Qualifying transmission grid improvements are also eligible for the 30% ITC including standalone energy storage property. Storage technologies are not required to be co-located with power plants and include any technologies that can receive, store and provide electricity or energy for conversion to electricity. Transmission property includes transmission lines of 275 kilovolts (kv) or higher, plus any necessary ancillary equipment. Regulated utilities have the option to opt-out of tax normalization requirements for purposes of the grid improvement credit. However, the Act does not include a similar option to opt-out of the tax normalization provisions for other types of qualifying facilities, such as solar or wind projects.

Under the Act, investments qualifying for the clean emission investment credit, grid credit or energy storage property in qualifying low-income areas qualify for higher credit rates. The Act also includes new provisions requiring [...]

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Power Plant Cases in the Supreme Court

by Jacob Hollinger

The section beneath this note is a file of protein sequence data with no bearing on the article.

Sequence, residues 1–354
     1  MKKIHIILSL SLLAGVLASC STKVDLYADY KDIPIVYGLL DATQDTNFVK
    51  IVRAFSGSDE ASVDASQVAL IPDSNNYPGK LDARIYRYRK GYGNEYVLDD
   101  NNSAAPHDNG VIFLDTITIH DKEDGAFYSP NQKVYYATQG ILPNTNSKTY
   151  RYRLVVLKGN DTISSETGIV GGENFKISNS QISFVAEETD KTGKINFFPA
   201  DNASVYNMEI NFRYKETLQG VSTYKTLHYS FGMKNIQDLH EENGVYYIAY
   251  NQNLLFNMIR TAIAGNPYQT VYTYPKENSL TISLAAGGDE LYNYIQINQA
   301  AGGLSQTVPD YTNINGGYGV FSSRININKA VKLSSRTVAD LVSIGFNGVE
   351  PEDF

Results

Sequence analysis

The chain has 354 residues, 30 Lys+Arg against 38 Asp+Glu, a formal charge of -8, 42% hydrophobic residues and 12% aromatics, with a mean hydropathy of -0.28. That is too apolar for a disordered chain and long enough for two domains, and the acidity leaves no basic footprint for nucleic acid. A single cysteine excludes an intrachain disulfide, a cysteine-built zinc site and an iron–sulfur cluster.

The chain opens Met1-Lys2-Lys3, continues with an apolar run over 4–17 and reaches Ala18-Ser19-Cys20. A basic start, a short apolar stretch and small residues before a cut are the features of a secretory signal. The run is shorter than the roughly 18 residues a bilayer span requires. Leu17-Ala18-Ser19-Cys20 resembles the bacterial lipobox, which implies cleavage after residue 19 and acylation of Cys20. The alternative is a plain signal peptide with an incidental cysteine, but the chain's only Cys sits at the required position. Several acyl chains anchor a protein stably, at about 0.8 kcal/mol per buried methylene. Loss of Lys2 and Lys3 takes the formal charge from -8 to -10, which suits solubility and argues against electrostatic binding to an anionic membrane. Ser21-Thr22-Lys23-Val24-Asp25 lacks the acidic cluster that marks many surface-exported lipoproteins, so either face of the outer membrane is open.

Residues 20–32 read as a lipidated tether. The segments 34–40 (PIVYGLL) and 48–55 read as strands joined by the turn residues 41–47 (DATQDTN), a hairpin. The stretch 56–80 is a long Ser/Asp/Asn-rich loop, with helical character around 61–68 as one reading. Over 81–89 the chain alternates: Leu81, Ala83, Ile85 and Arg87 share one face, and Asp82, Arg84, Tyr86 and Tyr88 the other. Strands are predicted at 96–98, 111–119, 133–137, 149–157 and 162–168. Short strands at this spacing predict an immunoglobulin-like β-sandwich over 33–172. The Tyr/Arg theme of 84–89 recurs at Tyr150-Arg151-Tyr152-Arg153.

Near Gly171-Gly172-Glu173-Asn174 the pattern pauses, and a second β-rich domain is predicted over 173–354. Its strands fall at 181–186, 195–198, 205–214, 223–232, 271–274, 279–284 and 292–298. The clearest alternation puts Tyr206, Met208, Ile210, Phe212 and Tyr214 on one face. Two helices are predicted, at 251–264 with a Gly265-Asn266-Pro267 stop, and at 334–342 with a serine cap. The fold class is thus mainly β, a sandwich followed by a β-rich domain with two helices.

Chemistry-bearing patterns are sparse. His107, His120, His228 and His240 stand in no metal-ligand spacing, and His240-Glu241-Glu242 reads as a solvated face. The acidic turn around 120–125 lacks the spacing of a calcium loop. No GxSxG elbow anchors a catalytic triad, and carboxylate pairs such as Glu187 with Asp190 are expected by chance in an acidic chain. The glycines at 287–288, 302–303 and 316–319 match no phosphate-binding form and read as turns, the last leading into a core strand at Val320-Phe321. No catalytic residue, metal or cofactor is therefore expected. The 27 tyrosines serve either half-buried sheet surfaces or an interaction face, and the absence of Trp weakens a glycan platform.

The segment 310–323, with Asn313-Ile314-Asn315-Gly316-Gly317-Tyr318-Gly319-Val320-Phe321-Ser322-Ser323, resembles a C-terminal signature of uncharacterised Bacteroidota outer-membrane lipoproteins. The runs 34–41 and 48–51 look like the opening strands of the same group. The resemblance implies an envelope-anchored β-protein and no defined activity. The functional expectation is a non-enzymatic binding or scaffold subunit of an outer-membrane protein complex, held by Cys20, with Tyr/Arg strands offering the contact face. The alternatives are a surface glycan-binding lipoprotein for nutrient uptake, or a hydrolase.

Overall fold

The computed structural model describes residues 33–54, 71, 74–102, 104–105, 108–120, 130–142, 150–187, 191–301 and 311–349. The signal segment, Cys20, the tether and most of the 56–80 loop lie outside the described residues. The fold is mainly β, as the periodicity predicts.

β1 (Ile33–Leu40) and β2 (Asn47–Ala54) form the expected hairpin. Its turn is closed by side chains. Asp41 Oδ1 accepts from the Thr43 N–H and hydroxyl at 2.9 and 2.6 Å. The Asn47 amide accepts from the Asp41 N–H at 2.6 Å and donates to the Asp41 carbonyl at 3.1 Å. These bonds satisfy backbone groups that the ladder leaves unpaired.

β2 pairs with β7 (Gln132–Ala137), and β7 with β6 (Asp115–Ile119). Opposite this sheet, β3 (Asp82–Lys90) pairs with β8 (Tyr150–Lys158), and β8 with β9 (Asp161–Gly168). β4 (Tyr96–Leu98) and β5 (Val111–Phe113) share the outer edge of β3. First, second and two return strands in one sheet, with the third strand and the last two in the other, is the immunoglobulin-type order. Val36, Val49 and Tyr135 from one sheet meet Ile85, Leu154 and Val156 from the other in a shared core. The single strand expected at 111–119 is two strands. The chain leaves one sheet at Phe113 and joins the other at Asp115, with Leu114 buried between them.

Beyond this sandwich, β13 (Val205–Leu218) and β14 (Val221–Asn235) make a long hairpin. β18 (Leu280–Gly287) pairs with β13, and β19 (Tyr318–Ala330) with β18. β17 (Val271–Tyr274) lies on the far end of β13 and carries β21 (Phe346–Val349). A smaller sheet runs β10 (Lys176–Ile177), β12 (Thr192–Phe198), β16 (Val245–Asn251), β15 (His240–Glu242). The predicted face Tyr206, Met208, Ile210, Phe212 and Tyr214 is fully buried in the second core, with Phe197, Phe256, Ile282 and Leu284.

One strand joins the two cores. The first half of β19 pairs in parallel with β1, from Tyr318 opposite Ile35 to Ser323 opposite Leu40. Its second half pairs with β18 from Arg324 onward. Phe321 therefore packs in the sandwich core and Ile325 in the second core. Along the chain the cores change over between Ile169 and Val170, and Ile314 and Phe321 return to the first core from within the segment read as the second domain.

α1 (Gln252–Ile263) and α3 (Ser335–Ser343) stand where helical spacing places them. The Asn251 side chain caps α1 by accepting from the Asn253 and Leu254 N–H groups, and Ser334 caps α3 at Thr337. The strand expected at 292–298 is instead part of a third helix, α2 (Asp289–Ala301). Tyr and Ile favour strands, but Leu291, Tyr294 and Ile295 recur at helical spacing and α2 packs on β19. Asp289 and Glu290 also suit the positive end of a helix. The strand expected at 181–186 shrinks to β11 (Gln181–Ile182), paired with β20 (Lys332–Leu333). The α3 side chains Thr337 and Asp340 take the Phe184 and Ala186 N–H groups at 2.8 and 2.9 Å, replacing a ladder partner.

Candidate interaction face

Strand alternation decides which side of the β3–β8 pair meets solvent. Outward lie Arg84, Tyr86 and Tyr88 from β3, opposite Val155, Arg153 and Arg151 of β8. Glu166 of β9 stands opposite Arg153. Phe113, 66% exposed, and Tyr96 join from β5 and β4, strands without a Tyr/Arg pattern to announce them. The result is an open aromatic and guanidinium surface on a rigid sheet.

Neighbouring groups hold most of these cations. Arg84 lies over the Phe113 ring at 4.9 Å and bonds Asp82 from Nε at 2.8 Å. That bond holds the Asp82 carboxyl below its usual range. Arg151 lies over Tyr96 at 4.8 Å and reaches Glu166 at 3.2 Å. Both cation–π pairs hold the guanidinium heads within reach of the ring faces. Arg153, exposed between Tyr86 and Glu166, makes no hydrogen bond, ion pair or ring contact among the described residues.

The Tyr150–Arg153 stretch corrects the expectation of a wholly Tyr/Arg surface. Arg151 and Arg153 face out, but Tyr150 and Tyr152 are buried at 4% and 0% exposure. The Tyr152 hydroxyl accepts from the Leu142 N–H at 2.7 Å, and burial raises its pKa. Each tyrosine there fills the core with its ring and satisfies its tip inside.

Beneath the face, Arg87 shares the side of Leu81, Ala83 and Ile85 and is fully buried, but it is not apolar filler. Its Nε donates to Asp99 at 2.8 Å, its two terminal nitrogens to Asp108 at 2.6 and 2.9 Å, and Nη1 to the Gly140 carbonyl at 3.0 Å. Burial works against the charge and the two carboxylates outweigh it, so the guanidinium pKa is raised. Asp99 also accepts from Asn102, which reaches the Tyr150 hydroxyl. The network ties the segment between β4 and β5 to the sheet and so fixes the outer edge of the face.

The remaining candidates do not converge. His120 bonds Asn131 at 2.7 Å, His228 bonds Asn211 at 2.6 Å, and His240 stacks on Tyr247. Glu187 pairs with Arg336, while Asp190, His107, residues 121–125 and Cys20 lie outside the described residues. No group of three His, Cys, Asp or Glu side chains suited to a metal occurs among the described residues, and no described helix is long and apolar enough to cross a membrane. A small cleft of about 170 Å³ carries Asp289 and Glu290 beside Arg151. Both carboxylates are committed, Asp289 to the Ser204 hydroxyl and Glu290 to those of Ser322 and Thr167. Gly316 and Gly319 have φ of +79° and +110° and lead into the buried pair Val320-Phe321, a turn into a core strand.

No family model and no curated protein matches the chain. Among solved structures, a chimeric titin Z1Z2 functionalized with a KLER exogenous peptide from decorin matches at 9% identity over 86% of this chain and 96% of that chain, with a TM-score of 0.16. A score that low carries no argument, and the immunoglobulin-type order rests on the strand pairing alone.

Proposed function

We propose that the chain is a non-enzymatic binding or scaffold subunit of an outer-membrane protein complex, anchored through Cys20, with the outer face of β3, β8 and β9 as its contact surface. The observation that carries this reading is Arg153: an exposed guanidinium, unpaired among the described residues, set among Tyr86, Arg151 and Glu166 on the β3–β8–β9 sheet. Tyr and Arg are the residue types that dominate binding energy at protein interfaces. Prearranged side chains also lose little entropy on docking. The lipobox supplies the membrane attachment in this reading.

The Supreme Court’s 2013 term just began but it is already shaping up to be an important one for power plant owners and operators.  Three points stand out: First, on October 7, the Court denied cert. in Luminant Generation Co. LLC v. EPA, a case in which several power companies were challenging the Environmental Protection Agency’s (EPA) current approach to regulating air emissions during startup, shutdown and malfunction (SSM) events.  The Court’s action leaves in place a Fifth Circuit decision which upheld EPA’s approach, at least as applied to the Clean Air Act state implementation plan (SIP) for the State of Texas.  More importantly, the Court’s action is likely to bolster EPA’s confidence as it pursues its ongoing rulemaking concerning the SSM provisions in 39 other SIPs, a rulemaking in which EPA has proposed eliminating affirmative defenses for excess emissions that occur during “planned” SSM events.  More information about EPA’s ongoing SSM rulemaking can be found here:  http://www.epa.gov/airquality/urbanair/sipstatus/emissions.html.